I’m 30 seconds into my first hovercraft solo when things start to go wrong. Zipping along near a sandbar in the middle of the Wisconsin River, I’m cranking around into my first turn and I find myself gradually losing speed.
Soon I’m dead in the water. I gun the throttle. The engine screams, and water sprays up over the gunwales in sheets. It’s like sitting in a car wash, one that’s getting carried away downstream. I turn the handlebars this way and that, but the only thing that changes is the direction of the drenching. All I can do is open the throttle all the way and aim toward the sandbar. Crawling along, I pay for each inch of progress with a bucketful of spray. At last, I reach terra firma. Never before have I been so soaked and so relieved.
“Okay,” says my instructor, Bill Zang, who’s been watching from land. “There’s something I need to tell you about how this works.”
Zang, the president of Universal Hovercraft, has invited me to come along and take part in a great but underappreciated ritual: the summertime hovercraft rally. On any given weekend somewhere in the U.S., bands of devotees gather on the shores of an inland waterway to zoom around, barbecue, and talk shop. On this particular Saturday, the clan has assembled in Muscoda, Wisc., a rural village an hour west of Madison. As the morning gets underway, a dozen or so vehicles are drawn up on and around the boat ramp. Almost all are homemade, and while their appearance ranges from amateur to sleek, all share an ineffable brand of anachronistic glamour.
When the hovercraft was invented in the 1950s, it seemed an exciting vision of a future where vehicles would float through the air. So far, the 21st century remains flying-car-free, but a small yet passionate tribe is keeping the dream alive. For them, this technology is a sleeper just waiting to catch on. “The great thing about hovercraft,” Zang’s uncle John Windt, himself a hovercraft builder and pilot, points out, “is that you can go anywhere.”
True enough, a hovercraft doesn’t rest on the surface, so it can go places no other vehicle can, like over shallow water, thin ice, or deep mud—any surface, really, as long as it’s reasonably flat. The essential fascination, though, has nothing to do with practicality. It’s that magical feat of being suspended in air, which still seems impossible even when you know the physics behind it.
The key component is a horizontal ducted fan that blows air underneath the hull. A flexible skirt around the edge keeps the air from dissipating too quickly, so a bubble of high pressure forms and lifts the craft. A second ducted fan provides horizontal thrust to push the hovercraft over the surface, with vanes to allow the thrust to be diverted side to side for turning.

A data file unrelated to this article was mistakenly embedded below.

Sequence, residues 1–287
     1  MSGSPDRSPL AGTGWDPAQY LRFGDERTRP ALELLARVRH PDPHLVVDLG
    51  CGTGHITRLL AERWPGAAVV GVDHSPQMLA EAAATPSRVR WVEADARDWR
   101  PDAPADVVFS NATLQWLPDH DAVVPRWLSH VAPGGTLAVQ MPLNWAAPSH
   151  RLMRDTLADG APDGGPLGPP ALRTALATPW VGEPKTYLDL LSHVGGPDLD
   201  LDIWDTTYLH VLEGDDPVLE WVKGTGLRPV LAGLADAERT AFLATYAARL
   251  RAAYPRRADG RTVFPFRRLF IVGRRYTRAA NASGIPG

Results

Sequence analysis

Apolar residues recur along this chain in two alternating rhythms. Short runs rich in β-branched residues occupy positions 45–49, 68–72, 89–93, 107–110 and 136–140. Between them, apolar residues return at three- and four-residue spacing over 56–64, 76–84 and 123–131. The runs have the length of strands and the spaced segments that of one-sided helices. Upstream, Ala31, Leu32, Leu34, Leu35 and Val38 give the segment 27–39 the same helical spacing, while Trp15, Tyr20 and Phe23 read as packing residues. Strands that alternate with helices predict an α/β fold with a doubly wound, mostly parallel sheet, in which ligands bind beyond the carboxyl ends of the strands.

Though the principle is simple, conventional hovercraft can be complex to operate and maintain, limiting their appeal for the public. That reality has led Universal Hovercraft to develop a smaller, simpler model called the Renegade. Instead of two engines it’s got just one, as well as a tough, lightweight body made of Kevlar and carbon fiber. With handlebars and a bench seat, it looks like a Jet Ski from the floorboards up.
As I fight my way to shore, though, I’m having my doubts. But after I towel off, Zang explains that my problem is minor. When I came to a stop, he says, the skirt filled with water and weighed down the machine. If that happens again, I can drain the skirt and get up to speed by shifting my weight forward while gunning the engine. I try again, and after 30 seconds I’m stalled and sopping wet again. But I keep at it, and eventually the penny drops: It’s counterintuitive, but the direction in which you’re pointing a hovercraft has nothing to do with the direction in which you’re going. What you have to do is start a turn, then immediately turn against it so that your velocity vector doesn’t change too quickly.
Ten minutes in, I’ve got it. I glide across the river, careening this way and that as if I’m riding on that spaceship in the old video game Asteroids. I keep track of three different vectors: my thrust, my velocity, and where I’m pointing. To make a turn without hitting things, you’ve got to plan ahead, and even then I find myself whacking through some overhanging branches from time to time.
It’s a perfect early summer day, and it doesn’t take long for the boat ramp to empty out. Some head out on daylong expeditions, while others find a secluded island and pitch tents. With Zang’s voice in my ear via radio headphone, I go chasing up the river after his uncle’s homebuilt machine as he heads up the Wisconsin. Along this stretch, shallow water and innumerable obstacles make the river all but unnavigable for conventional boats. Except for a few canoeists, we have the whole waterway to ourselves. We skirt the forested banks, circle tiny islands, dart through narrow channels, and zoom over sandbars like a pair of air-hockey pucks. I grew up around motorboats, so I find it deliciously liberating to accelerate toward land and just ride right over it.
As the sun slides toward the horizon the wind fades, leaving the river glassy. Brown sandbars swirl under its surface like brushstrokes. The forest canopies on either side turn misty and shrouded in the declining light while we twist in big, lazy S turns. I pass a barn, a lakeside house, the curve of a sandy riverbank. I’m racing through an astonishingly beautiful corner of America, seeing it in a way I’ve never experienced before: sideways.
This post went live on PopularMechanics.com on March 5, 2014. Read the original here.